Too many pedestrians believe they can multitask, but this belief is a myth. Instead, the brain switches back and forth between tasks. There are some exceptions to this such as thinking while walking. These two tasks don’t use the same part of the brain because walking is a mostly automatic motor skill requiring little conscious effort. However, when two tasks demand access to the same part of the brain, simultaneously processing both isn’t possible.
In fact, even the CPU of a computer only does one thing at a time, but unlike the human brain, it can switch between multiple tasks with blinding speed.
What this means for pedestrians is that they should put away their mobile devices and other distracting gadgets when crossing streets or walking along or near roads. It’s easy enough to find YouTube videos of distracted pedestrians walking into telephone poles or walls, and falling into pools. While these videos may seem humorous to some, stepping in front of a moving car is tragic.
If you think you can safely switch your focus back and forth between your walking environment and your mobile device, think again. While the brain is capable of back-and-forth focus (called switch tasking), it does this poorly. According to the AAA Foundation for Traffic Safety, the brain may require up to 27 seconds of recovery between tasks. In other words, the brain needs a lot of time to “switch gears” and get up to speed on the task it switches to. That’s far too slow to realize you’re about to be hit by a car that’s racing toward you.
Perhaps you’re wondering about conversing on a cell phone while walking around traffic. Again, the brain will do a poor job of either conversing or of maintaining a good situational awareness of the traffic around you. If you try to do both equally, you will do a poor job at both activities. If your brain is focused on the conversation, it does a poor job of processing visual signals from the eyes.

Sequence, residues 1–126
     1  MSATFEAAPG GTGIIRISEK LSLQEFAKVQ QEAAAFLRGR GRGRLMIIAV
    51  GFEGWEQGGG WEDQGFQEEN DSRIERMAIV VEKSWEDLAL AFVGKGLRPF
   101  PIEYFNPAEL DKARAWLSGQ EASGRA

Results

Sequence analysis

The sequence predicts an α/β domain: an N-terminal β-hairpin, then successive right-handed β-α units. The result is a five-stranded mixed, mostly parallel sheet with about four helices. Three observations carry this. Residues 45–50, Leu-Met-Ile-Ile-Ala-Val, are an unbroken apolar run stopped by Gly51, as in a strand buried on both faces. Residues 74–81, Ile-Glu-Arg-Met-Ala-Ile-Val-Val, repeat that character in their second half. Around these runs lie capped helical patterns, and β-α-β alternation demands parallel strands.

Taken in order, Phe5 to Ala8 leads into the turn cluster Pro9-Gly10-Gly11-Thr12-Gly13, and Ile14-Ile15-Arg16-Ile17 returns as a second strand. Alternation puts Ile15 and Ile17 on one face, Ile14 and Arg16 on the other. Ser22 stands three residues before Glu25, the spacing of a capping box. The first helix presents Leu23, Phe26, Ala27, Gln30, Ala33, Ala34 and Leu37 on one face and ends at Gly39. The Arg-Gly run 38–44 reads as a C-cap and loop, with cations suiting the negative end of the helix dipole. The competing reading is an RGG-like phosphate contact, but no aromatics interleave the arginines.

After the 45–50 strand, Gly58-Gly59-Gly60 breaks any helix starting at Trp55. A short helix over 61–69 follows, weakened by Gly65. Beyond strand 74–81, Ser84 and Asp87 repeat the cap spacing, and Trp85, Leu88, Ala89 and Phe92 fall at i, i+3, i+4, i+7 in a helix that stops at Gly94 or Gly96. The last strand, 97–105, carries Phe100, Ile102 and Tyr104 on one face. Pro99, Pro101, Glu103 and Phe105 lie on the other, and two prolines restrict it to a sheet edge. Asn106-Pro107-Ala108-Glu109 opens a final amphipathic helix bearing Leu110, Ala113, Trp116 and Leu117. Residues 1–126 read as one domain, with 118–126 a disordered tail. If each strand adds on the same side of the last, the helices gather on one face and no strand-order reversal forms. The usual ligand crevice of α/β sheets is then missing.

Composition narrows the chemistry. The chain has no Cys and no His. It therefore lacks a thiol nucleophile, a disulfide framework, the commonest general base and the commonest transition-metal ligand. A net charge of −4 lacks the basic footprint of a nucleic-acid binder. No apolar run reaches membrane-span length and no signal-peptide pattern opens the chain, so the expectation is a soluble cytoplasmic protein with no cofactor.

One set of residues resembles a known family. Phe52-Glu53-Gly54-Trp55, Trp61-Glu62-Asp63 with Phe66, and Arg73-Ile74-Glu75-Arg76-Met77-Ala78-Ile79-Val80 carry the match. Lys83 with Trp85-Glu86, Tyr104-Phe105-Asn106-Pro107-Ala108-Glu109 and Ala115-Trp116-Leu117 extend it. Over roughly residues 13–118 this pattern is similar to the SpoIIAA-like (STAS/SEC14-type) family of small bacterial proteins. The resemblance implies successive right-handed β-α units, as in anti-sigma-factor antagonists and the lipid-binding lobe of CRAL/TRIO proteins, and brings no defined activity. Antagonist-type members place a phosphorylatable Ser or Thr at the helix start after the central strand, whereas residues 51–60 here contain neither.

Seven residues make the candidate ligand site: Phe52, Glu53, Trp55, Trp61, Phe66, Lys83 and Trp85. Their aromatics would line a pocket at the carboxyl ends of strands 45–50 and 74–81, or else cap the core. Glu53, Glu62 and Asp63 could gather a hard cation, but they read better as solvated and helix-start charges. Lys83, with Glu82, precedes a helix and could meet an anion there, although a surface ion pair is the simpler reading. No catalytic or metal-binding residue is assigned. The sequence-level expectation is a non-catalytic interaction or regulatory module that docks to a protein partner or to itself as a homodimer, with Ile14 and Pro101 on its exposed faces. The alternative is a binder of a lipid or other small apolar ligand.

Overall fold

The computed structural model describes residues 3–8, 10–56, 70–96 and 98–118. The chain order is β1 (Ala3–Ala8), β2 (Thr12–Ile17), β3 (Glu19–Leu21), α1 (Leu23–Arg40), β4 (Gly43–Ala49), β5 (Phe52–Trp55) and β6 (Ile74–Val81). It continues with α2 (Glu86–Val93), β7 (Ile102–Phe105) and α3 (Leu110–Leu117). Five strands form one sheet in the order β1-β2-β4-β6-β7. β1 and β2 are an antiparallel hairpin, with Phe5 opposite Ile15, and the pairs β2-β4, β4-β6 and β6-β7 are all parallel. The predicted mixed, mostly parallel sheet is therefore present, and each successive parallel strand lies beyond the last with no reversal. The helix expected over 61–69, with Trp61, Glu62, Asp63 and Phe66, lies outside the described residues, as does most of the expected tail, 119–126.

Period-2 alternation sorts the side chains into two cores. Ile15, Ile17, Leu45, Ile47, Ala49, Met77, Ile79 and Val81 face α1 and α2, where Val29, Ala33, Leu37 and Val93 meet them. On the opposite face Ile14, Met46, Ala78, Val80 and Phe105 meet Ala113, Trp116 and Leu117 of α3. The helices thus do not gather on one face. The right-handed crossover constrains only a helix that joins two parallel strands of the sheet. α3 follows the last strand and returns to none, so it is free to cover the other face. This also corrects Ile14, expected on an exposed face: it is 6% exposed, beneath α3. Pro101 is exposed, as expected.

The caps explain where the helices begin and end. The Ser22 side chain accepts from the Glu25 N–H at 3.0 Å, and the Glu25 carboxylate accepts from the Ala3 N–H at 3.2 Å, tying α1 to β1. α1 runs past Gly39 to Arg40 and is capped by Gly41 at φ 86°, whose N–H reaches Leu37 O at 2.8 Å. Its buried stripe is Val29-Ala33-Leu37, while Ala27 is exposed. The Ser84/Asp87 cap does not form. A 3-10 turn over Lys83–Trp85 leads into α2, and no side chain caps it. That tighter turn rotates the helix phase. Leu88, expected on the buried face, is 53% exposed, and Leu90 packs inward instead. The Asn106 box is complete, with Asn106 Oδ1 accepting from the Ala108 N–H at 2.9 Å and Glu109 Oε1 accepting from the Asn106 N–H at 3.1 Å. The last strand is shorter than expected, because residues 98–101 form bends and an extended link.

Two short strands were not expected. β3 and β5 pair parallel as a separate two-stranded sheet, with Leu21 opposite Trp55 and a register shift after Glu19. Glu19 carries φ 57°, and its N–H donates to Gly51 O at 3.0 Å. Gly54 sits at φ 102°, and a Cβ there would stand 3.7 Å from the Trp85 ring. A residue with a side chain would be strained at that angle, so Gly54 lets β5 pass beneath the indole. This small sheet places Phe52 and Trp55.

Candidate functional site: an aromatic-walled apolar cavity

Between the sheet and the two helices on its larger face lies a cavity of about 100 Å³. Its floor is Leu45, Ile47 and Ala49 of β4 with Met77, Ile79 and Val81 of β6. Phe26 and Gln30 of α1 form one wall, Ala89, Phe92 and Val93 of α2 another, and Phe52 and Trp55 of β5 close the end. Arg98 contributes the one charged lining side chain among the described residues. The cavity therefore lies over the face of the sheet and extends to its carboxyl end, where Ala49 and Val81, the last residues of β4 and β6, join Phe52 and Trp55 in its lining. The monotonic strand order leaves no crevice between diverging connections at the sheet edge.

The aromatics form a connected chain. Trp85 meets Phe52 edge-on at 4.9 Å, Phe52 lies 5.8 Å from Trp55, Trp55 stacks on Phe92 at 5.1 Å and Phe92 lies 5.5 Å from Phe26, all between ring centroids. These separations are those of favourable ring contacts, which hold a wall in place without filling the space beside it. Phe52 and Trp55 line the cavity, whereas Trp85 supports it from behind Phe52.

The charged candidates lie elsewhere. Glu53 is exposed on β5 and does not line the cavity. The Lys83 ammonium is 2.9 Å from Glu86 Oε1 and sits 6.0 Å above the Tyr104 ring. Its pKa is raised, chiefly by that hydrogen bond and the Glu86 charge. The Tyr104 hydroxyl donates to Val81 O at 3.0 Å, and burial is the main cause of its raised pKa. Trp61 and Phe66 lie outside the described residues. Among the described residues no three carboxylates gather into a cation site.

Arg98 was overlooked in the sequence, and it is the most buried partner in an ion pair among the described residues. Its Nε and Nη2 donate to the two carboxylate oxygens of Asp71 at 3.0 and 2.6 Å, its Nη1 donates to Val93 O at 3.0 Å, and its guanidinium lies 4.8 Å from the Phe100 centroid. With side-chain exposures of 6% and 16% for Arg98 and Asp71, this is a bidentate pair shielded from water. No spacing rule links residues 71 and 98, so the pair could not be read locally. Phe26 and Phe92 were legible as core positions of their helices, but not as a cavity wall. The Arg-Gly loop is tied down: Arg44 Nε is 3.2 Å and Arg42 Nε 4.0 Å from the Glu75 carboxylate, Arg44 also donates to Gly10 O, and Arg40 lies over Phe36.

Drivers using cell phones can fail to see up to 50% of their driving environment. Although your eyes are looking at things in front of you, they don’t register in your brain when you’re cognitively distracted. In addition to avoiding this inattention blindness, you should expend a conscious effort to look both ways and anticipate cars intent on running red lights. Your survival depends on it.
If in spite of your careful focus, a motorist injured you while walking, an experienced Charles County accident attorney at the Law Offices of John Critzos, II can help you get the compensation you deserve. Please visit our Facebook page and like it, tell your friends about our Facebook page, and if you like, leave a message or share this Facebook post! Further, please remember to bookmark our website (www.844TakeMyCase.com) and put our number in your phone (844-Take-MyCase). In this manner, we are only a click or call away, if the need arises! Stay safe contact us at any time!